5 Things to Know About Blockchain Voting
Free and fair elections are the cornerstone of any democracy. But in recent years, the integrity of the electoral process itself has been called into question.
People across the ideological spectrum are concerned about the political, technological, and social issues around voting: Foreign interference in elections, voter access issues, demonstrably insecure voting machines, and voter fraud. While we may disagree on the details, all of us want secure elections with reliable results.
Blockchain technology has been proposed as a solution to the challenges of modern voting—but many people are unsure about what this would mean in practice.
Here are 5 things you should know about blockchain voting:
Blockchain =/= Bitcoin =/= Cryptocurrency
When most people hear the word “blockchain”, they immediately think of Bitcoin, or maybe of cryptocurrency in general.
But blockchain is most accurately and simply defined as a decentralized system of records, linked and verified using cryptography. In other words, it’s not, fundamentally, a financial technology, but rather a cryptographic technology—and one with many potential applications.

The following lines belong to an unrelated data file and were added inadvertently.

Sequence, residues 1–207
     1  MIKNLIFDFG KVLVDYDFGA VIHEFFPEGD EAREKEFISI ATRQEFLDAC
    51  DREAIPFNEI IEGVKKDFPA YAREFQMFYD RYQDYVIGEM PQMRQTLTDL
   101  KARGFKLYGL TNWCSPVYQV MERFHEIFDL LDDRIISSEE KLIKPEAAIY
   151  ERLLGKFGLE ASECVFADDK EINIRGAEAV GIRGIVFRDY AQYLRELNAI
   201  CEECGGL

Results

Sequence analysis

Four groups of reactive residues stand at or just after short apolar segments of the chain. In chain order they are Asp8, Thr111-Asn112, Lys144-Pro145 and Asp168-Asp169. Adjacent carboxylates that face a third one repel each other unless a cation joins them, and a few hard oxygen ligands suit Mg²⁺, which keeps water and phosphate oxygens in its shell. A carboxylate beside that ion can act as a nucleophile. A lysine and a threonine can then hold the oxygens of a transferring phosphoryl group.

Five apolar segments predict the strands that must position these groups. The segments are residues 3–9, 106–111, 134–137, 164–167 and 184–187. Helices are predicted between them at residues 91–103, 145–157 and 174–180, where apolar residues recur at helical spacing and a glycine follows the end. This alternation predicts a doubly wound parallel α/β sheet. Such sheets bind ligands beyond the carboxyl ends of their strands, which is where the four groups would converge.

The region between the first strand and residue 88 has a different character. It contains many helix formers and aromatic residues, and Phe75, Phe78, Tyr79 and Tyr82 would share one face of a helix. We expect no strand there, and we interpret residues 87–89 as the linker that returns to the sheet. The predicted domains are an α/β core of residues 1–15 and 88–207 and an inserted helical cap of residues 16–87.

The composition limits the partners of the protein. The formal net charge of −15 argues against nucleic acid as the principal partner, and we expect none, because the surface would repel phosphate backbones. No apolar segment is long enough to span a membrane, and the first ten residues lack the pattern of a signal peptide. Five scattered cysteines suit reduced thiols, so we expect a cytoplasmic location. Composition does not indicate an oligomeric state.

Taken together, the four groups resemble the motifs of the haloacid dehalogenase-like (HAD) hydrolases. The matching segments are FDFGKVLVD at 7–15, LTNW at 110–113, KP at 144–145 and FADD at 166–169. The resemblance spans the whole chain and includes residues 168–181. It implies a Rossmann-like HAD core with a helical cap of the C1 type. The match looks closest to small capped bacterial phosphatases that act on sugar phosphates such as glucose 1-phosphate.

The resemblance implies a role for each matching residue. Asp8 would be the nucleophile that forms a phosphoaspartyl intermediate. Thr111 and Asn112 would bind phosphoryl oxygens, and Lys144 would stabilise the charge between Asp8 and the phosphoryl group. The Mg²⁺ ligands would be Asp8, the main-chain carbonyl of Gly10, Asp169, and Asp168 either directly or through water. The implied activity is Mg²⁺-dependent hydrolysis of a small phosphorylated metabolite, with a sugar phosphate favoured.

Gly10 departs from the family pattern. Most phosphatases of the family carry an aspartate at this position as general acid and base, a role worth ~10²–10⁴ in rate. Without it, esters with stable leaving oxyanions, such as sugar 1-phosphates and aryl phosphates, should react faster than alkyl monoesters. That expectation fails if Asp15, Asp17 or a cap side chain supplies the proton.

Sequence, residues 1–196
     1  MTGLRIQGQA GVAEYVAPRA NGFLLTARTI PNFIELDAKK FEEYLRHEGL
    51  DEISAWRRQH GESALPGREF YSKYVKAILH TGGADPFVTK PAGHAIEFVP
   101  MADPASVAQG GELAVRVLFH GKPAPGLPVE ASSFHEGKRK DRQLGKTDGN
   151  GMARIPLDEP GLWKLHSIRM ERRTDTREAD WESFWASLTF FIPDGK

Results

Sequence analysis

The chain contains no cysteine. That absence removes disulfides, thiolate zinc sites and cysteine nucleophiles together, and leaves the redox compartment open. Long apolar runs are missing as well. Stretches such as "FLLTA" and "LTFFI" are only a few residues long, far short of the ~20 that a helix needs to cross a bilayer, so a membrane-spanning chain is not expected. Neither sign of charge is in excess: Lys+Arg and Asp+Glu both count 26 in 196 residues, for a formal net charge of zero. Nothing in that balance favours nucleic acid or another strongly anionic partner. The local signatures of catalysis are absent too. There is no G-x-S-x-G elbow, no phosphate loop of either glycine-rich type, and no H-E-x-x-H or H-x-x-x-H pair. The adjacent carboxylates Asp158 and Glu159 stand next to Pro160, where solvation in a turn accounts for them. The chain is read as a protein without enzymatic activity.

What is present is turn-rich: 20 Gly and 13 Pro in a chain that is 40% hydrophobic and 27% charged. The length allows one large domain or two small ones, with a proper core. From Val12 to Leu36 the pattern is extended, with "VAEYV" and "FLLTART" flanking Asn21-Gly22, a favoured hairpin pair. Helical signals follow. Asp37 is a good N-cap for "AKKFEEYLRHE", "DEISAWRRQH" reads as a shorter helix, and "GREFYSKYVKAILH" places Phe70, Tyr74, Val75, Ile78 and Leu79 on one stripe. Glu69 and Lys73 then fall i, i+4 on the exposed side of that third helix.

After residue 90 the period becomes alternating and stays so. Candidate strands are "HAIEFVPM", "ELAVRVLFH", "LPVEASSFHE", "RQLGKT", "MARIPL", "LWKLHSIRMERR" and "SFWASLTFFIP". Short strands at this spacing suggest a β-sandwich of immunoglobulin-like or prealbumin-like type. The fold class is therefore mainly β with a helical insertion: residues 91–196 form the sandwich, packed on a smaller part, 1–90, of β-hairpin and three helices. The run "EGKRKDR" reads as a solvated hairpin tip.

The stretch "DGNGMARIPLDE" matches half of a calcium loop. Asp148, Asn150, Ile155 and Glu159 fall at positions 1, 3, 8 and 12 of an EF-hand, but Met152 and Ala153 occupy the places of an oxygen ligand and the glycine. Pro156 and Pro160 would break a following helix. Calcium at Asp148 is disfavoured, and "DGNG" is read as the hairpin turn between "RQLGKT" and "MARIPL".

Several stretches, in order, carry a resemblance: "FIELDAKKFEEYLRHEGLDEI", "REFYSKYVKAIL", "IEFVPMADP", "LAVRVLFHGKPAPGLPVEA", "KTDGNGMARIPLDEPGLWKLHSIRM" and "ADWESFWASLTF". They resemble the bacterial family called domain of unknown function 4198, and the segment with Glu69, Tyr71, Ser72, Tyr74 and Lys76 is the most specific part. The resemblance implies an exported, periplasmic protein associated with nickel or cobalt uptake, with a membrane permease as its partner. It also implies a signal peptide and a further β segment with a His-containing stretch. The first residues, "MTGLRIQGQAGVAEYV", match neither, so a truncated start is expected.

Cryptocurrency is just one possible use case for blockchain technology, and Bitcoin itself is only one particular type of cryptocurrency. But the potential applications of blockchain go far beyond this, and include decentralized software applications (DApps), censorship-resistant publishing platforms, secure medical record storage, and yes, voting.
The power of distributed ledgers
The great advantage of blockchains is that they are decentralized. The records on a public blockchain aren’t held by any one person or organization, but are instead distributed across all the nodes of a blockchain network. Each node has a complete copy of the blockchain, which is continually updated, and changes on the blockchain are verified mathematically by the aggregate computing power of the network’s nodes.
This makes blockchains extremely tamper-resistant, since there is no centralized store of data that a bad actor could attack; no “official” copy of the blockchain held by a company or authority that could be altered for nefarious ends; no single server or data center that could crash or fail. For these reasons, blockchain technology could be especially useful for things like financial transactions, contracts, or voting.